An editorial from the annals of history to illustrate a problem:
Federal scientists have rewritten the conclusion of a report in order to cast doubt on the safety of alternating current electricity in residential and commercial dwellings.
Last week the federal Agency of Scientific Enquiry issued the final version of a five-year study evaluating the safety of electricity. The draft report released last year for public comment concluded that electricity has not “led to widespread, systemic impact.” The agency’s research findings haven’t changed, but its conclusion has.
After being barraged by plaintiff attorneys and various naysayers, including Broadway actors, the agency in its final report substituted its determination of no “widespread, systemic impact” with the hypothetical that electricity “can impact the potential for residential hazards of fire and electrocution under some circumstances” and that “impacts can range in frequency and severity” depending on the circumstances.
The agency now asserts that “significant data gaps and uncertainties” prevent it from “calculating or estimating the national frequency of impacts.” For instance, safety data was not collected everywhere prior to the introduction of electricity, which has allowed plaintiff attorneys to ascribe any damage or injury to alternating current itself.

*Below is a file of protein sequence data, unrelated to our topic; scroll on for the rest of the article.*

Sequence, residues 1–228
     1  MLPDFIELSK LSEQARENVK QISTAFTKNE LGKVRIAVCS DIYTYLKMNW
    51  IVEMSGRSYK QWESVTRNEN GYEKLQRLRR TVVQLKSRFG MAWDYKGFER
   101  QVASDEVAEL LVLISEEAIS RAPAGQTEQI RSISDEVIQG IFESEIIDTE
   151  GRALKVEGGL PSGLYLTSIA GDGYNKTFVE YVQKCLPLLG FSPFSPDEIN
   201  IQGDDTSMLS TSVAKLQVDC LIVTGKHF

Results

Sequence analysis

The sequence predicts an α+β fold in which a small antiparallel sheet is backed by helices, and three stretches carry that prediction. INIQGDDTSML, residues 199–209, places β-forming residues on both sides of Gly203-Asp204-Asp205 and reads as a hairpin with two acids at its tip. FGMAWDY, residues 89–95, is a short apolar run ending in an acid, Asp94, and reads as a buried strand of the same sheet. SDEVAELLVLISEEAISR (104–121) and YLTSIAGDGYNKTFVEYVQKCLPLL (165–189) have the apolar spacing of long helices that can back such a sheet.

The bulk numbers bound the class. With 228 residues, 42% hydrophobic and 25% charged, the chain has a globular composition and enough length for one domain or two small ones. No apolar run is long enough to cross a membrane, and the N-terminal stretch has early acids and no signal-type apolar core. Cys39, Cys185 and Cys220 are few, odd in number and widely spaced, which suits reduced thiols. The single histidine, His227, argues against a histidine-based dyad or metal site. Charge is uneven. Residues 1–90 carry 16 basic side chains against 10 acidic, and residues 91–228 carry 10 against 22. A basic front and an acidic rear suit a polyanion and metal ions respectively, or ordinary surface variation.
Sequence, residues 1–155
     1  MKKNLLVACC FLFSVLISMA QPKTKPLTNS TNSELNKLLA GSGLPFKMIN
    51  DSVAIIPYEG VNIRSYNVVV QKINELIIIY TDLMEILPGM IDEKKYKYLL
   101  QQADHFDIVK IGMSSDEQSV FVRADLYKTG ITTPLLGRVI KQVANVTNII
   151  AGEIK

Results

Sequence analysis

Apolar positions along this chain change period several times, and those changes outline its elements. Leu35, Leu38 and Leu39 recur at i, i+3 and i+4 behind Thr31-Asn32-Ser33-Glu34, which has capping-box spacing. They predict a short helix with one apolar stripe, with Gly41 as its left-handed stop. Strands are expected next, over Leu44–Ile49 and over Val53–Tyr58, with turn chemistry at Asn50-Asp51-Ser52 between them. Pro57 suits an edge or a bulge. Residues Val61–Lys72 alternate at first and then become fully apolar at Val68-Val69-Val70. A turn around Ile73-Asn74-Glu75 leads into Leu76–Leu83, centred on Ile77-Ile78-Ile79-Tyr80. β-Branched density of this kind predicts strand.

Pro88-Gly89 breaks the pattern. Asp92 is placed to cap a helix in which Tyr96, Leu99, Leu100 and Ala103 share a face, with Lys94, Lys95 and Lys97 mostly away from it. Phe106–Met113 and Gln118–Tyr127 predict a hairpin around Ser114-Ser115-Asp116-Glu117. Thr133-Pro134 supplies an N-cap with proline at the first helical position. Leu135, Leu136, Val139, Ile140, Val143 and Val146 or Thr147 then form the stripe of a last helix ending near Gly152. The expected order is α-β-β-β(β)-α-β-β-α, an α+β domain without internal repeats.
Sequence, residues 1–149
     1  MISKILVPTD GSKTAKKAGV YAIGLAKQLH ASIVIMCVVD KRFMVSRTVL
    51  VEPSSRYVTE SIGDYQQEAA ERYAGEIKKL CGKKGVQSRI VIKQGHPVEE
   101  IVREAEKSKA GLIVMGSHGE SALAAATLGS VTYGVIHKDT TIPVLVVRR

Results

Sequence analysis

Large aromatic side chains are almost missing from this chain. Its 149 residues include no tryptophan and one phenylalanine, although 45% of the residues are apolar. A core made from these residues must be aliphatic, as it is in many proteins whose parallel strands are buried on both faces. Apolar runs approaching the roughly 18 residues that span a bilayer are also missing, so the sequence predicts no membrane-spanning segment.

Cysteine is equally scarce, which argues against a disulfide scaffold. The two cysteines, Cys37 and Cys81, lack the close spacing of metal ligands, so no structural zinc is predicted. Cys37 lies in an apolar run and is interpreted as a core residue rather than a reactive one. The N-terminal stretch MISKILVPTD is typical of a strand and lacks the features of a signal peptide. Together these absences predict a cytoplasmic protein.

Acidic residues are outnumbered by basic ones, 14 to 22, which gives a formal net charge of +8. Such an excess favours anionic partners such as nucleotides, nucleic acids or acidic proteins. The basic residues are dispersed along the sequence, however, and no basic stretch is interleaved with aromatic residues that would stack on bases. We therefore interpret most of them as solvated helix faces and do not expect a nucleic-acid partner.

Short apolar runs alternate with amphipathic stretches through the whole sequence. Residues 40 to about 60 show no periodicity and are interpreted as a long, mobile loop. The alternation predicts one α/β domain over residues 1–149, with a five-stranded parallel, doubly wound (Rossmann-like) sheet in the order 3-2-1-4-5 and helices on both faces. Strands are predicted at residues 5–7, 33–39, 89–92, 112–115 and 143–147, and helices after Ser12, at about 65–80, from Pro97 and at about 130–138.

So after spending $30 million and five years to produce a risk assessment, the scientist have found no evidence that electricity causes widespread threats to safety. Two years ago, the New York governor used the pretext of scientific “uncertainties” to ban electricity, and the new agency revised report will give him cover for depriving residents of its economic benefits. Progressives are using the report as ammunition in their media campaign against electricity, and plaintiff attorneys will use it in lawsuits.
Liberals denounce anyone who cites uncertainties about science. So it’s ironic that they are now justifying their opposition to electricity based on scientific uncertainties. As for the agency’s science, bending to public comment from litigants and Broadway celebrities does not instill confidence in the agency’s integrity.
The above is a blatant rip-off and rewrite of a Wall Street Journal editorial meant to illustrate satirically the nature of the pre-determined agenda of federal bureaucrats. The original editorial highlighted the EPA’s twisting of its own investigation into the effects, or lack thereof, of fracking on drinking water to better fit its preconception and desired outcome.